Offshore Case Notes
William Hare and Sarah McLennan
7 November 2022
The Obligations to give Full and Frank Disclosure and a Fair Presentation when presenting an Ex Parte Application: A Cautionary Tale
Bruno Wang & another v. Real Assets (RA) Global Opportunity Fund I Limited & another
A recent decision of the BVI Commercial Court highlights the importance of presenting cases fairly and with full and frank disclosure, and the consequences that may follow when these obligations are not met. Ex parte orders may be discharged and, in cases where the failures are not innocent, they may not be re-granted.
On 19 August 2022, the BVI Commercial Court (Wallbank J) dismissed an application for the continuation of an ex parte order appointing Provisional Liquidators (“PLs”) over Real Assets (RA) Global Opportunity Fund I Limited (“RAGOF”), acceded to an application for the discharge of the PLs and set aside an ex parte order appointing receivers over shares in RAGOF (the receivership order having been part of a two-staged approach to replacing the management of RAGOF). Having found the breaches of the ex parte professional obligations to be “not innocent” and “very serious”, the Court declined to re-grant either of the ex parte orders. A copy of the judgment is available at https://www.eccourts.org/chia-hsing-wang-v-xy-et-al/.
In 2021, an alleged beneficial owner of certain shares in the RAGOF fund, Mr Chia Hsing Wang (also known as Bruno Wang), sought and obtained (stage 1) an order (on an ex parte basis) from the BVI Court appointing receivers over shares in RAGOF, then held by an alleged nominee of Mr Wang, in order that the receivers could then apply (stage 2) for provisional liquidators over RAGOF, claiming (amongst other disputed allegations) that receivership was necessary to prevent that Fund and/or its management shareholder pursuing a forced redemption of Mr Wang’s shares. Mr Wang alleged that the individuals controlling RAGOF were not acting in its best interests and that the appointment of provisional liquidators was necessary for the purpose of maintaining the value of assets of RAGOF before it was placed into liquidation. He also made various allegations about Floreat, a private wealth management group which had provided certain services to Mr Wang and (indirectly) to RAGOF but which was not named as a respondent (the management shareholder which was named as a respondent was owned separately by one of Floreat’s principals). Upon the ex parte application of the receivers, an order was made appointing PLs.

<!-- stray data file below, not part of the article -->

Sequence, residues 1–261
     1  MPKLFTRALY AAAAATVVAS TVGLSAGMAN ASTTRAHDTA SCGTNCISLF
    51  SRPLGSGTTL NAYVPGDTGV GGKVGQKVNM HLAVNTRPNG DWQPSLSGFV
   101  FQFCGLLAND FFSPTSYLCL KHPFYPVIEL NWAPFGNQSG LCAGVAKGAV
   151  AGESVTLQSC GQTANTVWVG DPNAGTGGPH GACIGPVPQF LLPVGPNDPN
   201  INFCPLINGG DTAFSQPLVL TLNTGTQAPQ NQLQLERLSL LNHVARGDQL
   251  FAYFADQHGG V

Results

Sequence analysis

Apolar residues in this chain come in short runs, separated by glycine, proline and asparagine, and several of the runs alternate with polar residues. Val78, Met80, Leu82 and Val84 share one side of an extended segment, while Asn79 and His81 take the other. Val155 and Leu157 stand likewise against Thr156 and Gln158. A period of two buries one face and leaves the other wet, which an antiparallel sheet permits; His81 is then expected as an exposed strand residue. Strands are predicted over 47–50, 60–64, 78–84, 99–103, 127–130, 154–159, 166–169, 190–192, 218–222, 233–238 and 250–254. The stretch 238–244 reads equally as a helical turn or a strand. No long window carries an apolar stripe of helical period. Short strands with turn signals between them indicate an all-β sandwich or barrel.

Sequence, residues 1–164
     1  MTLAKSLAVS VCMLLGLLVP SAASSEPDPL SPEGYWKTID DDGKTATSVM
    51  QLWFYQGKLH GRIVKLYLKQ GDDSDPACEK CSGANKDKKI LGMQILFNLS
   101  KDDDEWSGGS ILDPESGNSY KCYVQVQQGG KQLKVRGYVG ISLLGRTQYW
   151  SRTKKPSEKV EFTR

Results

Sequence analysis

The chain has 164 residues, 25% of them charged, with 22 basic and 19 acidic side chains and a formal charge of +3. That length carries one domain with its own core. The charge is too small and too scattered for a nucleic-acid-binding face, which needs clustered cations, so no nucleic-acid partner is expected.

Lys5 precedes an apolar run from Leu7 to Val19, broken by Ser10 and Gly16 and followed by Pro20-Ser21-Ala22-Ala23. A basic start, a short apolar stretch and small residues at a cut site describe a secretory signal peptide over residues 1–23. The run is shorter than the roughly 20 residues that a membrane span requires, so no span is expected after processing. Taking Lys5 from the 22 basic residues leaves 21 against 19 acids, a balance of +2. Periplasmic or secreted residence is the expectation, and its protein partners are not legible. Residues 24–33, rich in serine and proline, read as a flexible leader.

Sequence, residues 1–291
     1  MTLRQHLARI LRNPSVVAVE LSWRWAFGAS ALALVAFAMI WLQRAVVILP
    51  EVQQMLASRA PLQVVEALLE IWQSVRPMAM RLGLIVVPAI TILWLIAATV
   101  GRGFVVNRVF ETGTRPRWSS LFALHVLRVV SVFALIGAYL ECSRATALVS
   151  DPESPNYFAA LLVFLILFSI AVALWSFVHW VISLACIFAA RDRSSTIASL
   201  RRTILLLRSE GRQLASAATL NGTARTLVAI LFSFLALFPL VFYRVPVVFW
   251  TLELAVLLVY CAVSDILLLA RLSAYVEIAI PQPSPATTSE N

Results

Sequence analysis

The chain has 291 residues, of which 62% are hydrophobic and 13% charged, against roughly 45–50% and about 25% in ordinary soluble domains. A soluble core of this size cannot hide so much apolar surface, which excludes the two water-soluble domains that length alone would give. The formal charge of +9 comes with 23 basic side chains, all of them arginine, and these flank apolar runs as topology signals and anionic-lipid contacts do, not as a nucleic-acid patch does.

The two-staged approach was described by Mr Wang’s leading counsel as “novel” at the ex parte hearing and was subsequently described by Mr Wang’s representatives as “a novel route for beneficial owners of shares … to access statutory shareholder remedies where those shares are held through nominee structures where those nominees are unwilling / unable to act.”
The duty of full and frank disclosure
It is trite law that that any party applying to the Court ex parte must make full and frank disclosure of all material matters relevant to the decision whether or not to grant the application.
However, the Court did not accept the argument of Mr Wang that he did not have a duty at the receivership application to give full and frank disclosure and make a fair presentation of the intended subsequent PL application (because the PL application would allegedly be subsequent and separate). Where a receivership is to be the first part of a multi or two-part remedy, the Court should be given as full and balanced a view as possible of the merits of both or all parts of the remedy sought. It held in this regard that:
“It is highly artificial and technical for a litigant in Mr Wang’s position to say “Ah ha! The application for the second part of the remedy is not currently before the Court, so I need not address the Court on it. You can ignore that future application for now, and I can be economical with what I have to say about it”. Where, as here, an applicant has made it abundantly clear that he wishes to deploy a double, or multiple-strike strategy using the Court’s weapons, he comes under a duty to give full and frank disclosure and fair presentation of the whole plan.”
Breach of duty at the ex parte receivership hearing